Justin Modray, an independent financial adviser and founder of Comparefundplatforms.com, says the package is “the best all-round combination of reasonable platform fees, useful fund information and helpful online tools”.
Coming in a very close second place is the Charles Stanley Junior Isa. It’s the favourite of Patrick Connolly, chartered financial planner at independent financial adviser Chase De Vere, who says: “This product has an annual platform charge of 0.25% a year, which is considerably cheaper than some of the main product providers, and these charges are very clearly explained. There is a wide range of investment fund options and useful information on these funds.”
Best children’s investment trust savings scheme
Winner: Baillie Gifford, Children's Savings plan
Highly commended: JPMorgan, Investment Account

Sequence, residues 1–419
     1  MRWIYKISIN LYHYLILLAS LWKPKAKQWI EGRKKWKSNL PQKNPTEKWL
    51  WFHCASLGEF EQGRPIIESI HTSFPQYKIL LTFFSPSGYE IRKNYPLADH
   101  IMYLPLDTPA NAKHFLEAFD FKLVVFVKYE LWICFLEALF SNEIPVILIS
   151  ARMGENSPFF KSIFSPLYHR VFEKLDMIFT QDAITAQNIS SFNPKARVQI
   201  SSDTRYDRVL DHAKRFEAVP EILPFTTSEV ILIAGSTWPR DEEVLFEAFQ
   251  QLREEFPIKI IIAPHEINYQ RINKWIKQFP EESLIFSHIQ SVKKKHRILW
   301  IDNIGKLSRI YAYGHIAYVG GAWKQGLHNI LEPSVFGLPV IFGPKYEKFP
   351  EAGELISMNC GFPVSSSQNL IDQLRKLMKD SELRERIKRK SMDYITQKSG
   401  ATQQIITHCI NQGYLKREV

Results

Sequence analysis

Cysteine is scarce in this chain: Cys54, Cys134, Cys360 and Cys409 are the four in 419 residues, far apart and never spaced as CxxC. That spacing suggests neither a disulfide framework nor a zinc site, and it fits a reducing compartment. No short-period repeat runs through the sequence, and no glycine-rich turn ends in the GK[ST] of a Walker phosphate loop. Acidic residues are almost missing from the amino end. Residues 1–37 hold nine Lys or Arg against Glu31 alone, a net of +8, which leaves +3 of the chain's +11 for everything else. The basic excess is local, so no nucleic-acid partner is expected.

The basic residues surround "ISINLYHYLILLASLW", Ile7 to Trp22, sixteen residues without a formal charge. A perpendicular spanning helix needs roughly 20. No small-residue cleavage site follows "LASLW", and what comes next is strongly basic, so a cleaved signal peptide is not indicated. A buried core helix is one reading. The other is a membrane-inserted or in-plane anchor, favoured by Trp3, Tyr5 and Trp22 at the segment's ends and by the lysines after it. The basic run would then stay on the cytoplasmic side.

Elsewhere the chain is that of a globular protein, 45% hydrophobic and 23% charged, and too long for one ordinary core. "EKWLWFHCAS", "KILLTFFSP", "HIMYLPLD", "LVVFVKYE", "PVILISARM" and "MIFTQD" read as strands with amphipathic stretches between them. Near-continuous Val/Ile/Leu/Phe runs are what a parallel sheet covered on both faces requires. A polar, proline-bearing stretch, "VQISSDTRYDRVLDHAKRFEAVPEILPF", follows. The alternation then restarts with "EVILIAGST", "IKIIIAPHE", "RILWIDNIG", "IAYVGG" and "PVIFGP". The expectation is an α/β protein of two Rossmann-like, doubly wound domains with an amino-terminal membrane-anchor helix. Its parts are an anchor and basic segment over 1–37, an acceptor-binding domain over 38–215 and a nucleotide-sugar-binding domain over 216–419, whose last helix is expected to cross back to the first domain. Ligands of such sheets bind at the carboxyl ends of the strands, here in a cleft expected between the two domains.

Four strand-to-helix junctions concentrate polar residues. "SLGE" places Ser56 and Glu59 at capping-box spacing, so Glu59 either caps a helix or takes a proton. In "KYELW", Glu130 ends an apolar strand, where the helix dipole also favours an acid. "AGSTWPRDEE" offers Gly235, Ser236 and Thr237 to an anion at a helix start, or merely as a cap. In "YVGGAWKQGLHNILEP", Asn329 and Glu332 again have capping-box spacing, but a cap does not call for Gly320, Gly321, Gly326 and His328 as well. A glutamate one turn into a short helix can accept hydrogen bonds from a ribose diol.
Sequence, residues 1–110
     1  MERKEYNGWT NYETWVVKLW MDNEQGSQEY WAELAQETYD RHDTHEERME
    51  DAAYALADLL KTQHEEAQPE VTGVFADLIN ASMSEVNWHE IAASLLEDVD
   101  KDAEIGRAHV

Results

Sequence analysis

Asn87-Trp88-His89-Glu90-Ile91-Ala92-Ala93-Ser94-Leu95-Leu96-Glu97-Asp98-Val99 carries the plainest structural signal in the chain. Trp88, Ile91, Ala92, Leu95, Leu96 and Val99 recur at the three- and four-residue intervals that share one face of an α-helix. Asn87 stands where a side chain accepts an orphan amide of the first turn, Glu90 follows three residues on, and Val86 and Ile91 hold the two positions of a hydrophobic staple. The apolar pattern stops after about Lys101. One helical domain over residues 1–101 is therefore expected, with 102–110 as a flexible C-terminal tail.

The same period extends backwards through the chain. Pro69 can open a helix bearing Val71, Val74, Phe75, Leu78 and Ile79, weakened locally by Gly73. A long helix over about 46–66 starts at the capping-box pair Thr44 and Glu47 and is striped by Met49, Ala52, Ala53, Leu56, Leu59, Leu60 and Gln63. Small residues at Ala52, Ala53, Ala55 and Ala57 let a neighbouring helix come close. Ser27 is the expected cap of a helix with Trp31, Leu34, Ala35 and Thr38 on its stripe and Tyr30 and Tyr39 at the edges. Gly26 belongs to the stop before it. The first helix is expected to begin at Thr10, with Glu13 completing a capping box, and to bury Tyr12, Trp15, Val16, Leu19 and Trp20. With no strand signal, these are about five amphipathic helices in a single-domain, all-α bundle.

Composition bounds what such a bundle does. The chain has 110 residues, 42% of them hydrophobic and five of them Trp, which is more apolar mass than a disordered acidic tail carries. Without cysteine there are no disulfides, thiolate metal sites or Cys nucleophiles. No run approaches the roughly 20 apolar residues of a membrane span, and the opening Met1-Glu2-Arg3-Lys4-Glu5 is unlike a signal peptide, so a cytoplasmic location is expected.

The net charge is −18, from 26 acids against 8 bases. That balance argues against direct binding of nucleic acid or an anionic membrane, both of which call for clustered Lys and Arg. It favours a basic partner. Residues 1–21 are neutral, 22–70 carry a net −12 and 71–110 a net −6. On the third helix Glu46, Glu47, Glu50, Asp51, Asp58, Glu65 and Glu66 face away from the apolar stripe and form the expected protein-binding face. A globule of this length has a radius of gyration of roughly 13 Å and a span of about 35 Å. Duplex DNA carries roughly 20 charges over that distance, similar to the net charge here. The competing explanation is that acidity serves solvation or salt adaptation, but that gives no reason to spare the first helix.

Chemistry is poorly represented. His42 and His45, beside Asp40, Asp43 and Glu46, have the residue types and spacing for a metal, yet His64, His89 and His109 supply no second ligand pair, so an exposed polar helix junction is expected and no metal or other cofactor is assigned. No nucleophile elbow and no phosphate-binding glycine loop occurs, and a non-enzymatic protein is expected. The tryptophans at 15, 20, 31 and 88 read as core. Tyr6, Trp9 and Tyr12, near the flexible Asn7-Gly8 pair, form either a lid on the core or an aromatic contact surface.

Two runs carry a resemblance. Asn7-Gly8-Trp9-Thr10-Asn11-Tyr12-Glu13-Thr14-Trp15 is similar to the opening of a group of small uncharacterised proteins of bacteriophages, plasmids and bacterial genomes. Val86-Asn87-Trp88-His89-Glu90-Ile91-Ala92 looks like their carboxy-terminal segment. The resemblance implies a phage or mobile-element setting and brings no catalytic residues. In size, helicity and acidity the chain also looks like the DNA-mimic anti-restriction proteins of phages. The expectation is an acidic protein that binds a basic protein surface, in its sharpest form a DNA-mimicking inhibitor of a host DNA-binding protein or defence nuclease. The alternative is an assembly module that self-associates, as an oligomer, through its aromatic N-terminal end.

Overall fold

These schemes offer access to investment trusts, which can provide a great home for children’s savings. Like investment funds, they pool together investors’ money to buy shares in a range of companies and manage those investments on your behalf.
However, unlike funds, they are listed on the stock market as companies in their own right. They are also subject to different rules – for example, they can borrow to invest.
The big appeal, though, for many investors is that they have track records of performing better than rival open ended funds over long periods, which is important when you may only be putting away a small amount each month.
Taking the award for the second year is the Baillie Gifford Children’s Savings Plan.
Mr Connolly says: “This savings plan provides access to a selection of well-managed Baillie Gifford investment trusts. These include diversified global equity investment trusts, such as Scottish Mortgage and Monks, that are ideal for a core stock market holding.”